A dastardly and murderous plot, the Church is up to something, murder in Victorian London, (mad) science, automata and resurrection. That’s pretty much the theme of season 2 of The Frankenstein Chronicles. An excellent example of the darker side of Victorian storytelling.
It has finally landed on Netflix with its second and (as far as I know) final season.
Season 2 takes off where season 1 ended, with the resurrected man John Marlotte (Sean Benn) trying to solve the mystery that led to his untimely demise, aided and thwarted by a mix of recurring and new characters.
Continue reading “The Frankenstein Chronicles, Season 2”
Summer Geek Festival is a small, and with its second edition also relatively new, convention in Mons, Belgium.
It’s not a steampunk event, but it is so incredibly diverse that it does a really good job catering to the whole of the pop culture spectrum, from cosplay and geek stuff to Japanese fashion and music to steampunk — and pretty much everything else. Here are some steampunk photos for you to enjoy.
Continue reading “Steampunk at Summer Geek Festival”
We’ve spoken about the Belgian production of The Great Gatsby immersive theater before (our review here). For those who missed it, you get another chance! Starting this Tuesday, the show returns to Gatsby’s summer residence in Knokke-Heist, Belgium.
That’s right, the premise is that Jay Gatsby sold his mansion in Brussels and traded it for a lovely home on the Belgian coast. What better setting for a summer run than the seaside?
If you are looking to spend an evening in interactive Jazz Age splendor, definitely check it out.
People with wings, freedom fighters, engineers, (mad) scientists and more — these are the characters that make up the pages of Smoke and Steam.
The anthology is comprised of four short stories by four different authors, respectively, “Wings Over Staria” by J.C. Rock, “Hekatite” by Karen Garvin, “Heart of the Matter” by Michelle Schad and “Freedom for a Foster” by Cathryn Leigh.
This does mean you get four completely different tales and writing styles, meaning there’s a chance you won’t like every story as much as the next.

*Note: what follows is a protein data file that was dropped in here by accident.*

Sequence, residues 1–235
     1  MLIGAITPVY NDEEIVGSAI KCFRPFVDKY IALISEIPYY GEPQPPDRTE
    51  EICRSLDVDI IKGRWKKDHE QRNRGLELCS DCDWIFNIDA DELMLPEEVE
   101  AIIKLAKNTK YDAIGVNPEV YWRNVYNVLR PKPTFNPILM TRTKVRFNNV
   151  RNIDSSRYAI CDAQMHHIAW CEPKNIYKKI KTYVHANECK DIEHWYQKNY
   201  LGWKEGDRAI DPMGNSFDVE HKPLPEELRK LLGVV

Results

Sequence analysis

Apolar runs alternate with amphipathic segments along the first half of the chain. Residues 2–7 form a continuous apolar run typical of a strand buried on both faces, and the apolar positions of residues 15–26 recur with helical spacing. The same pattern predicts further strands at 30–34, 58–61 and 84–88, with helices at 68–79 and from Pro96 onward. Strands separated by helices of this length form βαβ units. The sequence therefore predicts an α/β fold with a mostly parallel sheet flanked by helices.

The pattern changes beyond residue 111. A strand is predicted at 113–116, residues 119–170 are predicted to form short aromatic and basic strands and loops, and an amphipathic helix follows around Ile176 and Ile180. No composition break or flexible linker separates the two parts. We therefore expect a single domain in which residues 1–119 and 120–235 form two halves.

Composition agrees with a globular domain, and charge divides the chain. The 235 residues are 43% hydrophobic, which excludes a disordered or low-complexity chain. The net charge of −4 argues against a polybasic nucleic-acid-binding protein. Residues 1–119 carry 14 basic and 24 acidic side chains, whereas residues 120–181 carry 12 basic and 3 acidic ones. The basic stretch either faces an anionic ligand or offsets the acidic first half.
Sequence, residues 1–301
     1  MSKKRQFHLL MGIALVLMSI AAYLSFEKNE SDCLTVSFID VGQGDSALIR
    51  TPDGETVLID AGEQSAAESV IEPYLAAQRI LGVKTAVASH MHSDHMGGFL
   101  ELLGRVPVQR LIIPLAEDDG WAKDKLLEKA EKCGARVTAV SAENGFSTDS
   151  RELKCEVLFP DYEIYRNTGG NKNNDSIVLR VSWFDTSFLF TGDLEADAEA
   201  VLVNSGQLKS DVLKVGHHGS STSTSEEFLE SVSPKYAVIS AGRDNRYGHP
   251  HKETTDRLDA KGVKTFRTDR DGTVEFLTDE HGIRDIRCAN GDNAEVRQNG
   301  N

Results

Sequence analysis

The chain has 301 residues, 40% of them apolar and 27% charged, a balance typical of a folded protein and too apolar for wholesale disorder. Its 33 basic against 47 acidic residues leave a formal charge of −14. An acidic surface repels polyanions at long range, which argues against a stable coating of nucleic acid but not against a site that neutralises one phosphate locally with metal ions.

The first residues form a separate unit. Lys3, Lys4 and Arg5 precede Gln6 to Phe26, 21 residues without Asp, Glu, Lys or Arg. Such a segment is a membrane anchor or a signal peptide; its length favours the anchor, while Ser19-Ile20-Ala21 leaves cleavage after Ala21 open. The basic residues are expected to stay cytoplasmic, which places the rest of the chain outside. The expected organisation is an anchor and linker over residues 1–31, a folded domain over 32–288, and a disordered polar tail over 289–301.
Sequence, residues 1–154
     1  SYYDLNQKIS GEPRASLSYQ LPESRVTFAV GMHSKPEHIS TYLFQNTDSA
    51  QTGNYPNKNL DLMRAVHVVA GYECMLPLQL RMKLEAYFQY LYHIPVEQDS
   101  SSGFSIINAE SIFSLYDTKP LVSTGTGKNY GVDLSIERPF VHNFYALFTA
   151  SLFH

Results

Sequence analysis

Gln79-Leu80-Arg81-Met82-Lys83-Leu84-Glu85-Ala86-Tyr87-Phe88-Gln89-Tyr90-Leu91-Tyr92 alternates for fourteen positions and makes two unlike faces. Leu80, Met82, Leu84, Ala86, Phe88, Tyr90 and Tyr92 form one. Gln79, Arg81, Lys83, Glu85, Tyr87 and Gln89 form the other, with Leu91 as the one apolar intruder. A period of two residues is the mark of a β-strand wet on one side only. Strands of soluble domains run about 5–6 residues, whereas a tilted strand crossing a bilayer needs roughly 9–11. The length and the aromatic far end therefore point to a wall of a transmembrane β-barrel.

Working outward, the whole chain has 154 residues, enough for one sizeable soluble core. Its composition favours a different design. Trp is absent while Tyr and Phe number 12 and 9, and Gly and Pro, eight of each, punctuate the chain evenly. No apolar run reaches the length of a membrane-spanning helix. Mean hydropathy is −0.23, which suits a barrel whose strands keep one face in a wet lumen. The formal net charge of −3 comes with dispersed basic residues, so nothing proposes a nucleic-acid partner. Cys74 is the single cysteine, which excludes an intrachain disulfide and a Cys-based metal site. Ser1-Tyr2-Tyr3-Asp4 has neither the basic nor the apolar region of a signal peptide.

Continue reading “Smoke and Steam”
The Great Gatsby Belgium, an immersive play, has premièred at a secret location. Currently running in Dutch and French, soon the London cast will travel down to Brussels to perform the original English version here as well.
As we mentioned in our preview of the show, The Great Gatsby is nothing like you’re used to. People aren’t taking their seats in a theater and watching what happens on the stage. Here you are literally part of the play. Actors will interact with you, you might be asked to follow them into another room, alone or with a small group of people. You might become the focal point of a scene.
Continue reading “Be Part of Gatsby’s Entourage for a Night”
The eleventh edition of Made in Asia was the first one run by Easyfairs, meaning there were quite a few changes, and not always for the better.
Frankly, the only change for the better I noticed is that it wasn’t freezing cold inside like last year.
Continue reading “Made in Asia”
Last weekend, it was time for Comic Con Brussels in its traditional venue, Tour & Taxis. The event has in recent years become Belgium’s largest and most popular pop culture convention, and the dense crowd of this edition proved it.
Regardless of the masses of people, it was great fun, and, just like always, quite a few steampunks had flocked to it. Here are a few photos for you to enjoy.
Continue reading “Steampunk at Comic Con Brussels”
Originally a comic by Gerard Way of My Chemical Romance fame, the books have been turned into the first season of a TV series, mostly covering the story arc known as The Apocalypse Suite.
Years ago, in 1989, all around the world, 43 women gave birth on the same day. This might not sound strange, were it not for the fact that none of them had been pregnant at the start of the day. Seven of these children are adopted by Reginald Hargreeves, only to be treated to a cold life where nothing matters but becoming superheroes destined to ward off the apocalypse. Needless to say, this has left a mark on the children, now adults, and each has their own personal issues to overcome.
Continue reading “The Umbrella Academy”
After more than three years of overwhelming success, The Great Gatsby, the immersive musical theater, is coming from London’s West End (where it is still running in the London Bridge area) to Belgium.
Starting this March, and running into May, shows will be held in Dutch, French and English in a secret location in the heart of Brussels.
Never Was was lucky enough to attend the press conference introducing the principal Dutch- and French-speaking cast. Because the Jazz Age is bread and butter to many dieselpunks, this piece will tell you more about this unique show.
Continue reading “Get Immersed in Gatsby’s Big Night”
The long-awaited sequel to Ghosts of Karnak (reviewed here), book four in George Mann’s Ghost series, is a disappointing read. I’ll just come out and say it from the start.
I’ve been a fan of his works so far, even though I will admit I have not read all of them, and I have especially enjoyed his Newbury and Hobbs series.
Whereas I previously didn’t feel I was missing out from not having read the first two installments in the series, I felt like I was missing big chunks by only having read Ghosts of Karnak with this latest book. Luckily I did read that one or I would have been clueless and enjoyed it even less.
Continue reading “Ghosts of Empire”